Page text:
Researchers arenât exactly sure what triggers the herpes zoster virus to re-emerge after all those years, but they think it is related to age, illness, and stress.3 Shingles can be very painful, and when the virus reaches the skin, it can cause blistery rashes. These rashes usually heal in less than 3 months.
And this chain of events can lead to PHN. If the pain of shingles lingers longer than 3 months, you may have PHN.
During your bout with shingles, the virus you were fighting injured nerves in and around the skin where the rash and blisters once existed. As your immune system eventually suppressed the virus, your rash and blisters disappeared. You may have even felt less pain, and you assumed that you had won the battle with shingles.
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Stroke And Other Brain Ailments
In addition to shinglesÃÂ¢ telltale rash, neurological symptoms develop quickly and can include headaches, vomiting, fever, and confusion. This could be because varicella zoster virus sits on a nerve. ÃÂ¢That nerve cell body has an arm that has contact with the skin, but it also has another arm that goes directly to the brain,ÃÂ¢ explains Dr. Mukerji. ÃÂ¢When the virus goes to the brain, it can cause meningitis, encephalitis, or stroke.ÃÂ¢
So, while shingles resulting in brain conditions is rare, it can increase your risk for stroke. Case in point: A 2016 review of epidemiological studies published in the Journal of Stroke & Cerebrovascular Diseases found that during the year after a shingles bout, the risk of stroke increased 59%, and this risk was highest among those under 40.
In addition, shingles can also cause swelling in the brain and seizures, both of which can lead to serious and permanent complications.
Check If You Have Shingles
The first signs of shingles can be:
- a tingling or painful feeling in an area of skin
- a headache or feeling generally unwell
A rash will appear a few days later.
Usually you get the shingles rash on your chest and tummy, but it can appear anywhere on your body including on your face, eyes and genitals.
The rash appears as blotches on your skin, on 1 side of your body only. A rash on both the left and right of your body is unlikely to be shingles.
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What Are The Symptoms And Stages Shingles
Shingles symptoms appear in stages. At first, you may get headaches or feel like you have the flu, but without a fever. You may also be sensitive to light, have trouble thinking clearly or feel dizzy and weak.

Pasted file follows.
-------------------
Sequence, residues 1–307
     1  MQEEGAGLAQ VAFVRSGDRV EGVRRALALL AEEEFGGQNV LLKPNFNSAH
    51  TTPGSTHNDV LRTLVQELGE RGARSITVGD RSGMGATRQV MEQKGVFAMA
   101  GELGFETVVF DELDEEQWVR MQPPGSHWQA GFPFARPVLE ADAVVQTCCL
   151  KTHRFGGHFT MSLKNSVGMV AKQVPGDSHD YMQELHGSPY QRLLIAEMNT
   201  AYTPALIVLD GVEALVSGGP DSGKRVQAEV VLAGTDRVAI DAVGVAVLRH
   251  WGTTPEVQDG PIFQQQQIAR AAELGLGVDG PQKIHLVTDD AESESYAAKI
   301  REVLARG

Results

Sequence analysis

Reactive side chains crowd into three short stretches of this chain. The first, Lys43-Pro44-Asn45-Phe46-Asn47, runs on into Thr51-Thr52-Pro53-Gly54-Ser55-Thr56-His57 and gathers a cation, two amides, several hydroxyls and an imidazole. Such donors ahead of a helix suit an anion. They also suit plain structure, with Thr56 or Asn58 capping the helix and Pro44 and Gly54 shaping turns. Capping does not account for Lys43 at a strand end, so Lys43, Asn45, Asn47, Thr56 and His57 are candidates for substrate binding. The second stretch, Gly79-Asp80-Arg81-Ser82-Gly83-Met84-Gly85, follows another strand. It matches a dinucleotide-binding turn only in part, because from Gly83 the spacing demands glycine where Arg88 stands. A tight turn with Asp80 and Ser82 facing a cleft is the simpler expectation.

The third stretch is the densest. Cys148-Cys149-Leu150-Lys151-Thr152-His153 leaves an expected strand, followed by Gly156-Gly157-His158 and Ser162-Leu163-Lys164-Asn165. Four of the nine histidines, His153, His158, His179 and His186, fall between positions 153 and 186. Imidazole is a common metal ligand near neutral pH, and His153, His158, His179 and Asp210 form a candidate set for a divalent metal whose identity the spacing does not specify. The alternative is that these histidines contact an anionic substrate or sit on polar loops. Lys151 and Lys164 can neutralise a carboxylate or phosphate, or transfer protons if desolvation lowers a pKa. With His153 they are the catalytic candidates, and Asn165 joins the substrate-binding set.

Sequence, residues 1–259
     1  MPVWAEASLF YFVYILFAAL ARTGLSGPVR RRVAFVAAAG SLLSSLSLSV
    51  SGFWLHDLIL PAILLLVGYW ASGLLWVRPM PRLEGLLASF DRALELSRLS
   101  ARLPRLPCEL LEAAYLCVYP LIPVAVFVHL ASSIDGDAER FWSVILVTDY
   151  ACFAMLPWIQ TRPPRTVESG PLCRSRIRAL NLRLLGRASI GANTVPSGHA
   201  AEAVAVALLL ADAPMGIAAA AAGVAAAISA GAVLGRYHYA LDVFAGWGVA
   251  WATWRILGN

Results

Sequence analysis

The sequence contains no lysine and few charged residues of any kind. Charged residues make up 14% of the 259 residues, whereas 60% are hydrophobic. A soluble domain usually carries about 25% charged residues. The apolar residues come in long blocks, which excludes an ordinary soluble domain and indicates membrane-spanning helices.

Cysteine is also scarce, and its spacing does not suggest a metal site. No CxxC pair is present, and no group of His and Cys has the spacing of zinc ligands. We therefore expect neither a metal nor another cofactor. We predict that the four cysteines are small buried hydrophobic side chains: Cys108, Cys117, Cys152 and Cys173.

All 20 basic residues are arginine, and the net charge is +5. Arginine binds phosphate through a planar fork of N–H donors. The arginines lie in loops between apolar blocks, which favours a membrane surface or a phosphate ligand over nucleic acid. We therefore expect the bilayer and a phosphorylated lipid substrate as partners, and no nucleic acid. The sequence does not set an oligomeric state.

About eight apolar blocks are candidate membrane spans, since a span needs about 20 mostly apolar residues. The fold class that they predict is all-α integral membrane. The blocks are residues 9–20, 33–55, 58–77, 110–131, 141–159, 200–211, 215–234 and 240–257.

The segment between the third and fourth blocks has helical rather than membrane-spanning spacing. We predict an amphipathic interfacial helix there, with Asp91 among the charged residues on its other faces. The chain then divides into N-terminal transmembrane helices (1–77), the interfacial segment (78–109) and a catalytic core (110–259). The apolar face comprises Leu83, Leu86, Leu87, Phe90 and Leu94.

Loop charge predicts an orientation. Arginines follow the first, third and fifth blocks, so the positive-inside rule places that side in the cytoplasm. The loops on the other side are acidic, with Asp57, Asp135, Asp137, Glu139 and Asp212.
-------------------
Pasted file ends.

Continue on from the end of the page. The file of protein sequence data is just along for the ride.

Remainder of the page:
A few days or even weeks later, an area of your body or face will feel itchy, tingly or painful. This is where a rash will appear. The rash will eventually turn into a cluster of blisters that are filled with fluid.
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What Could It Be If Its Not Shingles
By now, you know the causes, symptoms, and treatments of shingles, as well as the most frequently asked questions. If youve decided that your symptoms dont match scalp shingles, you might be wondering what else it could be. There are many conditions that could cause a rash on the scalp, so well take you through the most common ones.
One common cause of a rash on the scalp is psoriasis. This rash looks quite different from shingles, although it is just as itchy. Rather than blisters that fill with fluid, psoriasis is a dry, scaly rash. So if youre suffering from patches of silvery, flaky skin on your scalp, psoriasis could be the cause. Seborrheic dermatitis also produces very similar symptoms to psoriasis.
You could also have a fungal infection of the scalp. Tinea capitis is a common fungal infection that causes very itchy, dry patches of skin on the scalp. Its usually accompanied by hair loss in the area of the rash. Tinea capitis can also cause a low fever and swollen lymph nodes, symptoms that it has in common with shingles.
If you have a very itchy, irritated scalp, you could even have head lice. Contrary to popular belief, its not just children who catch head lice. They dont cause a rash, but their bites do cause itchiness. If you scratch your head too much, it can result in sores that might resemble a shingles rash.